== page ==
In the midst of a budget crisis and a month after hiring a $165,000-a-year communications chief, Chicago Public Schools is adding another high-powered communications boss who’s moving from City Hall just in time for election season.
Bill McCaffrey, who until Friday was Mayor Rahm Emanuel’s deputy press secretary, is moving down the street to 125 S. Clark Street as of Tuesday to become “chief for media relations,” according to a district spokesman.
“Thank you for reaching out, but as of July 11, I am no longer with the Mayor’s Press Office,” read his auto-reply to his City email address. “Starting July 15, I will be at Chicago Public Schools.”
McCaffrey could not be reached immediately Monday by phone for comment. He was one of the last holdouts from the Richard M. Daley administration in the City Hall press office.
Neither mayoral spokeswoman Kelley Quinn office nor CPS spokesman Joel Hood would comment on any specific reason for his move at this time. Nor would Hood say if McCaffrey’s salary — which a city website pegged at $99,000 as of September 2013 — would change.
Hood emailed a statement: “The CPS communications department is undergoing a re-organization and recently hired individuals who have high levels of experience and expertise in different facets of communications to better serve the needs of the District, its 40,000 employees and the public.”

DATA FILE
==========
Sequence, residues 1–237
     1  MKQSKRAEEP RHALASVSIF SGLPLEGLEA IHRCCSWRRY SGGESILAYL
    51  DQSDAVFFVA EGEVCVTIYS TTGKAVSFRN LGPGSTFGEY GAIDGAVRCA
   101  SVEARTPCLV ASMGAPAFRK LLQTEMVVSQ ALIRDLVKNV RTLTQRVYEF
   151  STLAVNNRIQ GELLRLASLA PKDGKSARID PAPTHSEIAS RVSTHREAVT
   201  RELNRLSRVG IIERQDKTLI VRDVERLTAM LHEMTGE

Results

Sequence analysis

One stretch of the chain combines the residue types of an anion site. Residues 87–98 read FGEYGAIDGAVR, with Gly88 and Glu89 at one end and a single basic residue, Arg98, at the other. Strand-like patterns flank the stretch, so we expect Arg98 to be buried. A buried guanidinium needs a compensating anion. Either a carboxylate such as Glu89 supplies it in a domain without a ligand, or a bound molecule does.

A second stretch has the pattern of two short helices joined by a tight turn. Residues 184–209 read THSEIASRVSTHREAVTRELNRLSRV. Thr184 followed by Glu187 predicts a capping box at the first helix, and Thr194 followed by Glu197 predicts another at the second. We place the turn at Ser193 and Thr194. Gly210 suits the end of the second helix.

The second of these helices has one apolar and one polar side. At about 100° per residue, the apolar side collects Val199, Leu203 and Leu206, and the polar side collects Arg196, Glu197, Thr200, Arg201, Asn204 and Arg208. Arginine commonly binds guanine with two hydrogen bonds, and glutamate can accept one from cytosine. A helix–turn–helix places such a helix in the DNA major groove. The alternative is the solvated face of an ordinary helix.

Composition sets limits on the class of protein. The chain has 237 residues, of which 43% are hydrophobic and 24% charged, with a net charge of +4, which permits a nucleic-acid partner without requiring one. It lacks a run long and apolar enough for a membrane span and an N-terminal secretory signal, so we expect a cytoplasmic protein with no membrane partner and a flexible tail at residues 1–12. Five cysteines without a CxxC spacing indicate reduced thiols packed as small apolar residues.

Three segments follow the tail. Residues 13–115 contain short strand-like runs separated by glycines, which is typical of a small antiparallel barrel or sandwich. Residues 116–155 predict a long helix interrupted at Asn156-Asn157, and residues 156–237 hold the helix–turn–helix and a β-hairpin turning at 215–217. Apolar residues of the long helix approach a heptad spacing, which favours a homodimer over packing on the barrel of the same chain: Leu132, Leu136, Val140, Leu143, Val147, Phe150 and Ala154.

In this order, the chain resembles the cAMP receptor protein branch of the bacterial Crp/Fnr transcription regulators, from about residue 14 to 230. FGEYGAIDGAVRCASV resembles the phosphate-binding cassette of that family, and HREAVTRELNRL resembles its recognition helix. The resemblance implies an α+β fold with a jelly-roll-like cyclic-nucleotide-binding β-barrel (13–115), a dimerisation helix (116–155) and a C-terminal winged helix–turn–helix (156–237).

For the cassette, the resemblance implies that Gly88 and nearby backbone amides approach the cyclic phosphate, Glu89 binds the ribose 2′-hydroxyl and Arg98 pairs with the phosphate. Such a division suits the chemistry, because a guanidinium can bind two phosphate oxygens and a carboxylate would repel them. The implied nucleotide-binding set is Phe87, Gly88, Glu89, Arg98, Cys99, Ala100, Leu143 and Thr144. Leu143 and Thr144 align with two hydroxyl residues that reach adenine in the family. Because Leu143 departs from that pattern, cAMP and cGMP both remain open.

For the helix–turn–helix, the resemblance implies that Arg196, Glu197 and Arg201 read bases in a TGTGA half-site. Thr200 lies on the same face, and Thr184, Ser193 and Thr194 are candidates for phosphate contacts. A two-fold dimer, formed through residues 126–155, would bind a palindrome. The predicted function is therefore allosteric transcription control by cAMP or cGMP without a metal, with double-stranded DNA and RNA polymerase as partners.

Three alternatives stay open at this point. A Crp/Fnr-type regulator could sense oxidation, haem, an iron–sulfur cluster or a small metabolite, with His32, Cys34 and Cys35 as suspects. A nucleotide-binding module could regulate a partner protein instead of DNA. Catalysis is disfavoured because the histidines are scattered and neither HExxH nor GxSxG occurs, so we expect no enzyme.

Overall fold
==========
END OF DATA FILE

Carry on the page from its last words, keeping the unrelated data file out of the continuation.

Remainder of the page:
In an email, Quinn called McCaffrey “a dedicated public servant whose expertise and commitment to provide information to the media and public have earned him a strong reputation,” adding that “Bill brings to CPS nearly ten years of experience in city government, and he will certainly continue to serve the people of Chicago with distinction.”
The mayor is apparently shoring up the district’s press office just as a new Sun-Times poll shows him to be very vulnerable, were he to face off against Chicago Teachers Union president Karen Lewis. Lewis, who led teachers in a 2012 strike, has railed against Emanuel for closing a historic number of schools for low enrollment and cutting neighborhood school budgets while opening new charter schools.
McCaffrey’s installation comes about three weeks after the approval of Ronald Iori as “Chief District Communications and Marketing Officer,” by the Board of Education, an executive office position that comes with a $165,000 salary. Hired by CPS chief Barbara Byrd-Bennett, Iori worked in the private sector and boasts expertise in crisis management at Kaplan Higher Education, Aramark, H&R Block and others, according to his bio at www.IoriCommunications.com. Iori started his career in newspapers.
Iori filled a vacancy created when Becky Carroll resigned as chief communications officer in March, a few months after giving birth to her first child. Carroll was Emanuel’s handpicked choice to head the schools office when he took power in 2011, to oversee his education message on a longer school day and the decision to close a historic number of neighborhood schools in mostly black neighborhoods. She has since founded a super PAC called “Chicago Forward,” which has already raised at least $1 million, expected to support the mayor and his aldermanic allies.
In its newly released 2015 budget showing a deficit of $876.3 million, CPS budgeted 17 positions for its communications office, down one position from the year before and four from 2013. Hood said five of the 17 will still be vacant once McCaffrey comes aboard. The department’s proposed spending also dropped about $49,000 from 2014 to $1.8 million.
CPS is not the only city agency seeing a shuffle in communications staffers; the Chicago Police Department also got a new deputy director of news affairs Martin Maloney, after Adam Collins moved to City Hall.